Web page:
There is no word for baptism in the Hebrew language, but the Hebrew word that represents baptism is ‘mikvah’, which literally means ‘hope,’ or ‘collection,’ or ‘collected mass,’ but is generally spoken of as a collection of water. The book of Genesis records that the earth was submersed in water before God gathered the waters (in Genesis 1:9-10: “Then God said, ‘Let the waters below the heavens be gathered into one place, and let the dry land appear’; and it was so. God called the dry land earth, and the gathering of the waters He called seas; and God saw that it was good.“ The word used here for gathering is ‘mikvah.’ The Jews believed that when God gathered the waters into the seas, the earth was resurrected from its watery grave. In Jewish thought, the waters that covered the earth, the mikvah waters, symbolize the womb of creation. Thus when a person is immersed in the waters of the mikvah, he is placing himself in a state of being unborn, subjecting himself totally to God’s creative power.

The prophet Jeremiah called God the “Mikvah of Israel,” or the “Hope of Israel” (Jeremiah 14:8, 17:13, 50:7), leading to the belief that the spiritual counterpart for the mikvah waters is the Spirit of God. Thus, immersion is the equivalent of being overwhelmed by or saturated in the Spirit of God. When an individual is immersed in water, he first enters the world of the non-living, the grave, since he ceases to breathe under the water. Then he emerges from the womb, his soul having been saturated or overwhelmed by the Spirit of God, resurrected from the watery grave as God’s new creation. Rabbis say that emerging from the mikvah is very much like a process of rebirth. When God created the Garden, He formed four head waters that flowed from Eden to all the earth. It is believed that the waters of Eden are the spiritual source of all waters. It is through the waters of the “mikvah”, whose spiritual source is Eden, that man can find his way back to God. According to classical rabbinic literature, a mikvah must be connected to a natural spring or well of naturally occurring water, and thus can be supplied by rivers and lakes which have natural springs as their source. This is because God identifies Himself as the fountain of living water (Jeremiah 2:13b).

Historically, the mikvah is a specific type of bath designed for the purpose of ritual immersion. Several biblical regulations specify that full immersion in water (it must contain enough water to cover the entire body of an average-sized man) is required to regain ritual purity after ritually impure incidents have occurred. These are incidents like: normal emissions of semen, whether from sexual activity, or from nocturnal emission, abnormal discharges of bodily fluids, certain skin conditions, by Jewish priests when they are being consecrated, by the Jewish high priest on Yom Kippur, after sending away the goat to Azazel, and by the man who leads away the goat, by the Jewish priest who performed the Red Heifer ritual, after contact with a corpse or grave, by a bridegroom on the day of his wedding, by a father prior to the circumcision of his son, but also for new kitchen utensils when acquired from a gentile.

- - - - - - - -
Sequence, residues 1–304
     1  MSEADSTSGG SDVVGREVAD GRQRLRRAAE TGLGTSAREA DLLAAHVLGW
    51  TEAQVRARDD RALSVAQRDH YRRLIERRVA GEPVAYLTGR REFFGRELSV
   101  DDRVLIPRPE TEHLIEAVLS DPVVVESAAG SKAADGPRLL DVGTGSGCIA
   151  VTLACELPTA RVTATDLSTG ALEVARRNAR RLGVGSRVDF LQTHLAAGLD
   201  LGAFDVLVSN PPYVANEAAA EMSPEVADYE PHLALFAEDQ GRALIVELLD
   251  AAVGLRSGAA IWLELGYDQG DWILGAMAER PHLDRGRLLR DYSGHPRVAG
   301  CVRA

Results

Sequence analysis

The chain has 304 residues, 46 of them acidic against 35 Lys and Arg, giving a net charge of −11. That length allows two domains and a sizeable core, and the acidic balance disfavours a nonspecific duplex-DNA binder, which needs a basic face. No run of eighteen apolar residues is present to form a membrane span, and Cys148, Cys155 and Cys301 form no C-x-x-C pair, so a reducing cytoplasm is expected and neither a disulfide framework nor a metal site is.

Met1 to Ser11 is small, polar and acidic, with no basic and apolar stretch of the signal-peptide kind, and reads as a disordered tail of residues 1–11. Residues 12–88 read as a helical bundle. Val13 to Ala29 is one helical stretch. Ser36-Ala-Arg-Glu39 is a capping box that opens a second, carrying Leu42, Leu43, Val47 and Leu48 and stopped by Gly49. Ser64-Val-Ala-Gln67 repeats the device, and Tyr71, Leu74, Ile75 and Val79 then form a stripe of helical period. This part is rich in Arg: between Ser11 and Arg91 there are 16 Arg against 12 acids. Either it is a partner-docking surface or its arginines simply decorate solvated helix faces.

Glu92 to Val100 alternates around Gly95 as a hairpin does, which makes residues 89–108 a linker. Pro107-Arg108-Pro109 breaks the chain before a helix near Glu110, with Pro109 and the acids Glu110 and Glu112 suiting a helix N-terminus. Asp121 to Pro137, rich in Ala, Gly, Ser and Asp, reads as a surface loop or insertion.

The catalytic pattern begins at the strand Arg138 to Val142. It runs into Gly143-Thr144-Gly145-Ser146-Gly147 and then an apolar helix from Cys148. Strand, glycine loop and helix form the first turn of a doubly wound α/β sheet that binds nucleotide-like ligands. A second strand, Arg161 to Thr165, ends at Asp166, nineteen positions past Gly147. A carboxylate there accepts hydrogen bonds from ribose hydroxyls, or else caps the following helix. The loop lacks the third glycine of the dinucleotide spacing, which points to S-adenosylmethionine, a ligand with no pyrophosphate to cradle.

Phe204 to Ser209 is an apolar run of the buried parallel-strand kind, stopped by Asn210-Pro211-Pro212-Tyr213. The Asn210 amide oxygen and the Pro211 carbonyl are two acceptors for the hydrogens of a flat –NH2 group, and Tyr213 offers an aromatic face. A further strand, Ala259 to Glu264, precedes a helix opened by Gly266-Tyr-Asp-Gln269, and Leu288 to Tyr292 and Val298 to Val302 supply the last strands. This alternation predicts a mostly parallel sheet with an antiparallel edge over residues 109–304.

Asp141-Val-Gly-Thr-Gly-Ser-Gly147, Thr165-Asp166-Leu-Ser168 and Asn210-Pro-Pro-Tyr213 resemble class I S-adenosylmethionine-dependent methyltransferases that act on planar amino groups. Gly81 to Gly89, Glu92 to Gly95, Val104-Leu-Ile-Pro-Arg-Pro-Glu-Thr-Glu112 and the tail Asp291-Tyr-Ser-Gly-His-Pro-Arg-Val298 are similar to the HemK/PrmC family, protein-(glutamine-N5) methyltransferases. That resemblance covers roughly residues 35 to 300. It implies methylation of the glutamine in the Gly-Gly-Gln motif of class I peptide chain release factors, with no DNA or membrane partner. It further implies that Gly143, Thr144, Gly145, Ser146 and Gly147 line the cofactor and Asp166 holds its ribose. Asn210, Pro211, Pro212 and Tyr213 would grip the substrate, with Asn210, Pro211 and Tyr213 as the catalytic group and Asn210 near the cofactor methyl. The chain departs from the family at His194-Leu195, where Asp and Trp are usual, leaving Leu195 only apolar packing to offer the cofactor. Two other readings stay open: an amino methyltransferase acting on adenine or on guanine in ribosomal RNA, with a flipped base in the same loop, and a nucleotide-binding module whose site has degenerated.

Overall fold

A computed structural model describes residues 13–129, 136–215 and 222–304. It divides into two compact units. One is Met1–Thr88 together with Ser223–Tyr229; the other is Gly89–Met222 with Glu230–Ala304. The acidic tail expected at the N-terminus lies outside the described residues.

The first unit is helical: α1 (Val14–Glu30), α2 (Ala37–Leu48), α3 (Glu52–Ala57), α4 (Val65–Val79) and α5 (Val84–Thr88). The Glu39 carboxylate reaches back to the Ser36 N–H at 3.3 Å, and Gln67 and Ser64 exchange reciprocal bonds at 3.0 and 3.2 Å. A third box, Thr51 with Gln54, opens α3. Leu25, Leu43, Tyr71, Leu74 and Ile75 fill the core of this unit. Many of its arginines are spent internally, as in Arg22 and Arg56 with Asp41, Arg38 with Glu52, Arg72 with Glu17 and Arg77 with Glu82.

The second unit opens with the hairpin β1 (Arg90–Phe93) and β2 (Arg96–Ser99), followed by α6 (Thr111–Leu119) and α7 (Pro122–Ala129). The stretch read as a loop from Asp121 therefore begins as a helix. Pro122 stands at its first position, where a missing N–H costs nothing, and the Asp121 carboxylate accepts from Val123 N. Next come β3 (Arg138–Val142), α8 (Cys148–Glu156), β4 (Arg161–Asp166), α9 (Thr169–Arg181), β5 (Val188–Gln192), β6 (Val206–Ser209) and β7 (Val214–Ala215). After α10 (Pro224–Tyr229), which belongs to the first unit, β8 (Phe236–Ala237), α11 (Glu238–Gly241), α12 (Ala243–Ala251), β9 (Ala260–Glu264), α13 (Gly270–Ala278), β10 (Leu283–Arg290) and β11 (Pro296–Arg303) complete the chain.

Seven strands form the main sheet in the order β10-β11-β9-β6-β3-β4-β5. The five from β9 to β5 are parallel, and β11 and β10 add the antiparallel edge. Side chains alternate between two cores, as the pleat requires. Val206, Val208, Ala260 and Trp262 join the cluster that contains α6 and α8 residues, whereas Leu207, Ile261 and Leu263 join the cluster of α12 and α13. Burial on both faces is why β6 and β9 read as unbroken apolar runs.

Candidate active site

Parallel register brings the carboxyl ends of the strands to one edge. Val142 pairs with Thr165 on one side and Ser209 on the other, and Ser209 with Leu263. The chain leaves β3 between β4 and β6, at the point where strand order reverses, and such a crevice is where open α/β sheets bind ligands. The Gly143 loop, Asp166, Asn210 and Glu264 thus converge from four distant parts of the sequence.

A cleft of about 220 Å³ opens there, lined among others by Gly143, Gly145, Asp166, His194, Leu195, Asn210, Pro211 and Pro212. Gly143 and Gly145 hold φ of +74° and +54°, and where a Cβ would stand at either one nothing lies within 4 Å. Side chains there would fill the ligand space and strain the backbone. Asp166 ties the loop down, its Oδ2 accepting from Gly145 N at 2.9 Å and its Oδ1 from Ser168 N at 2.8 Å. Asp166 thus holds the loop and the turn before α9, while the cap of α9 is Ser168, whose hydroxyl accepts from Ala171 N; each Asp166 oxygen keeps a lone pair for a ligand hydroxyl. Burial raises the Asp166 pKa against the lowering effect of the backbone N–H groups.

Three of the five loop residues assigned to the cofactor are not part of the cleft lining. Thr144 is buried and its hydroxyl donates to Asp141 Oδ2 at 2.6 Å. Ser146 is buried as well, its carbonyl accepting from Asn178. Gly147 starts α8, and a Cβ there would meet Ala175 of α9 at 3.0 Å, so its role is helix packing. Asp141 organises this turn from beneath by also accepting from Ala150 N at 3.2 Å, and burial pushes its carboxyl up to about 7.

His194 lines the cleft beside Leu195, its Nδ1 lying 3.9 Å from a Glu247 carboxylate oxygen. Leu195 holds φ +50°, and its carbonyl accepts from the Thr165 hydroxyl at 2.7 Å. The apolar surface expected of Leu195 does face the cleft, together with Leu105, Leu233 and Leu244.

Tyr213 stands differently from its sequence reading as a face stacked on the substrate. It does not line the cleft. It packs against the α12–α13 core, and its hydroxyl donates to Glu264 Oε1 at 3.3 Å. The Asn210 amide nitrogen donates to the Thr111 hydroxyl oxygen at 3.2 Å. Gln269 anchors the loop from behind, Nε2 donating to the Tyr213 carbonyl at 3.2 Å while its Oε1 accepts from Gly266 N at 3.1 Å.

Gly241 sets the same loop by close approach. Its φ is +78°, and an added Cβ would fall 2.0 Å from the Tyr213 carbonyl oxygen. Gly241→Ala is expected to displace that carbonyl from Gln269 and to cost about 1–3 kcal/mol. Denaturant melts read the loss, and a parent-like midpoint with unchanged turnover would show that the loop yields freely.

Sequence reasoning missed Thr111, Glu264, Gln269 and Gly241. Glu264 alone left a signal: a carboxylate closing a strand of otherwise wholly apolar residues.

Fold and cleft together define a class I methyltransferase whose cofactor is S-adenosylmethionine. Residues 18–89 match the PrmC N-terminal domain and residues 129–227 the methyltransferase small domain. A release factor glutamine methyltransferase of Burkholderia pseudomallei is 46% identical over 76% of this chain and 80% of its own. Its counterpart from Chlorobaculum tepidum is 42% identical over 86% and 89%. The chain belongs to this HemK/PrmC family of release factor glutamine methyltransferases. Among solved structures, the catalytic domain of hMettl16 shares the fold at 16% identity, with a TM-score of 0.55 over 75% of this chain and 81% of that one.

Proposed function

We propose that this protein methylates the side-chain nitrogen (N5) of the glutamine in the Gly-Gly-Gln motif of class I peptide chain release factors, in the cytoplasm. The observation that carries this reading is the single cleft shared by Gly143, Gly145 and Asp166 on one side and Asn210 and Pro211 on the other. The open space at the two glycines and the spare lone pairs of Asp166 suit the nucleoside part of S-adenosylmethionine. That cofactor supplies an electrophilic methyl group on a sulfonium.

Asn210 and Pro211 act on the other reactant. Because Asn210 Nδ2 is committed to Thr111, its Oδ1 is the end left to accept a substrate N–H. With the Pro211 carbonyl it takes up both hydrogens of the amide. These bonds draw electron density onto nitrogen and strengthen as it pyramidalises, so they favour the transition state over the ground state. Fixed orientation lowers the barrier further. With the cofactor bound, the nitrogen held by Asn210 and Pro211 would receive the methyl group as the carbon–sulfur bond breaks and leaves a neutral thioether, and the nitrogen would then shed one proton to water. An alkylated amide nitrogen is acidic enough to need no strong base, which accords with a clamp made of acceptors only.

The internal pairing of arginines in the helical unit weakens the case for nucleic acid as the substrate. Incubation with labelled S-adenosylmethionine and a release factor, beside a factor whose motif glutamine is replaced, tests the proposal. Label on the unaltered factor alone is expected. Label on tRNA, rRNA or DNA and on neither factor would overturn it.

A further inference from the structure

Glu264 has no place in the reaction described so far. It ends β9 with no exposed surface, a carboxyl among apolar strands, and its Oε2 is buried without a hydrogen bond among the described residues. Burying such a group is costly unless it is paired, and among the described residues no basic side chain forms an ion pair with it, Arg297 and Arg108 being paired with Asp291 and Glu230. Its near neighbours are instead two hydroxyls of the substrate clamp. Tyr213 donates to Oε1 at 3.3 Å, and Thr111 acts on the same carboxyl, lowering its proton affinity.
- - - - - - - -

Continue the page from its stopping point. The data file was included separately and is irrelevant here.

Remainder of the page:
There are a couple of occasions in the Bible where the mikvah is spoken of as a pool for ritual cleansing. In Leviticus 8:6 it is shown that the induction into the priest’s office for Aaron and his sons began with the washing of water: “Then Moses had Aaron and his sons come near and washed them with water.” In temple times, the priests as well as each Jew who wished entry into the House of God had first to be immersed in a mikvah, which is described in Exodus 30:20 “Then they enter the tent of meeting, they shall wash with water, so that they will not die; or when they approach the altar to minister, by offering up in smoke a fire sacrifice to the LORD.” On the Day of Atonement, the High Priest was allowed entrance into the Holy of Holies, the innermost chamber of the Temple, into which no other mortal could enter. The Law of Atonement in Leviticus 16 says that he first needs to bathe. “He shall put on the holy linen tunic, and the linen undergarments shall be next to his body, and he shall be girded with the linen sash and attired with the linen turban (these are holy garments). Then he shall bathe his body in water and put them on.” (Leviticus 16:4), and before the revelation at Sinai, all Jews were commanded to immerse themselves in preparation for coming face to face with God. “The LORD also said to Moses, ‘Go to the people and consecrate them today and tomorrow, and let them wash their garments’” (Exodus 19:10).

And so we see that there is a tradition in Jewish culture of immersing people in water for the purpose of (spiritual) cleansing. Thus we can conclude that when John the Baptist started baptizing people, or in other words, started using living water for spiritual cleansing, the concept itself was well known to the Jews. It is interesting that still today in Orthodox and Conservative Judaism, immersion in a ritual bath, for the purpose of conversion, is still required.

The Fruit of the Spirit #10 – Love